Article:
She believes campuses that tie Christian identity to a particular denomination—especially mostly white denominations—may have a difficult time achieving multiculturalism. She says more campuses strive to be multiracial, acculturating different races to the college's subculture, than truly multicultural, acknowledging "individual expressions of [Christianity] might be a little bit different." Loyd-Paige, a 1981 Calvin alumna, commutes 45 miles to the college from her home in Muskegon Heights, which is 80 percent African-American.

While the percentage of minority students and faculty is small at Christian colleges, diversity is slowly increasing. Some colleges are hiring minority recruiters and inviting inner-city students to summer programs on campus. At Bethel College in Mishawaka, Indiana, white and nonwhite students are forming intentional communities by sharing campus houses. Calvin College and Point Loma Nazarene College in San Diego are offering graduate fellowships for minority alumni who agree to teach at their alma mater.

TUITION COSTS: Affordability is another piece of the retention puzzle. For 1997-98, CCCU tuition grew at 6.3 percent versus 5 percent at similar private colleges. But CCCU tuitions are still $2,800 less expensive per year on average.

The cost of attracting students is high. Colleges spend an average of $1,600 in marketing costs for each new student, according to CCCU president Robert Andringa, even though most students attend colleges within 400 miles of home.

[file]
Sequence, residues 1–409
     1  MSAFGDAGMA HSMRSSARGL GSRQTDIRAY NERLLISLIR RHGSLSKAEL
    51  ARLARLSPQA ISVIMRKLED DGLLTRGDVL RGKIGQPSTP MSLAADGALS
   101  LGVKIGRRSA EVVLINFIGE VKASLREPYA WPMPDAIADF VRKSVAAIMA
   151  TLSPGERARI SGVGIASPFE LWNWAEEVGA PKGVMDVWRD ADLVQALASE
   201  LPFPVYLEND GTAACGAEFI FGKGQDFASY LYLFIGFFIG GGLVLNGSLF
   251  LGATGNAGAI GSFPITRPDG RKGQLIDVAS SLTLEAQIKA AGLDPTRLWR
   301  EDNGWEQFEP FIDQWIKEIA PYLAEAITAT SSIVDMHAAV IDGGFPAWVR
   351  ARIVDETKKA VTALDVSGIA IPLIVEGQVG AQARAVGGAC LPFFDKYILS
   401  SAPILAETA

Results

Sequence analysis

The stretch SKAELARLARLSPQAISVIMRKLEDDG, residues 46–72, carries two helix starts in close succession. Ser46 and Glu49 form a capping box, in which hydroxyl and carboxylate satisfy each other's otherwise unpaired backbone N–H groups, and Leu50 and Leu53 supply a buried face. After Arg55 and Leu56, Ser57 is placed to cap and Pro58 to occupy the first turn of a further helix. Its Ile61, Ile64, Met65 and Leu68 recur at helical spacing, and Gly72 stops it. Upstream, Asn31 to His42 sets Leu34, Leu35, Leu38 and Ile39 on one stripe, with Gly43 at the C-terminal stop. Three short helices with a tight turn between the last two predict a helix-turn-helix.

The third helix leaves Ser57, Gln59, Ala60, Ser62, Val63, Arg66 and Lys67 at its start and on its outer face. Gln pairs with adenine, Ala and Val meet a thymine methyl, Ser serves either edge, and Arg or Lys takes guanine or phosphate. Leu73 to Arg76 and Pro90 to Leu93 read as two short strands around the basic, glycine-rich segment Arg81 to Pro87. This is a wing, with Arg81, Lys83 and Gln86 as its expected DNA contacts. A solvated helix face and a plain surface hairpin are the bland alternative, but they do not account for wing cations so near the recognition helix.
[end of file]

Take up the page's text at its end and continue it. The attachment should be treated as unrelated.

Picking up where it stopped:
Administrators are dealing with the affordability factor by offering institutional scholarships and seeking additional sources of revenue. "Discounting" is a common institutional pricing strategy. "On average, private colleges are using 29 percent of their tuition revenue to pour back into scholarship aid for students," Andringa says. Still, Steve Moore, vice president for campus life at Seattle Pacific University, cautions, "If you hold tuition down, you have to increase your revenue some other way."

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QUALITY IS KEY: As colleges consider how to enhance the quality—and affordability—of the education they deliver, the latest education trend of Internet-based distance learning could pose a significant challenge by reducing the face-to-face interaction with faculty. "I'm concerned that if we go in the direction of distance learning that we still maintain relationships, in the advising process as well as the teaching process," Schreiner told CT.

Students say having more contact with faculty and seeing successful alumni are necessary elements for them to see the cost of college as a worthwhile investment.

Ultimately, retention experts believe students will stay if the quality of education remains high. For Christian higher education, this means staying true to its mission of integrating faith and learning. "Christian higher ed sometimes has focused too much on its survival instead of focusing on its service," says Moore. "The driving factor has to be the mission, not the economy."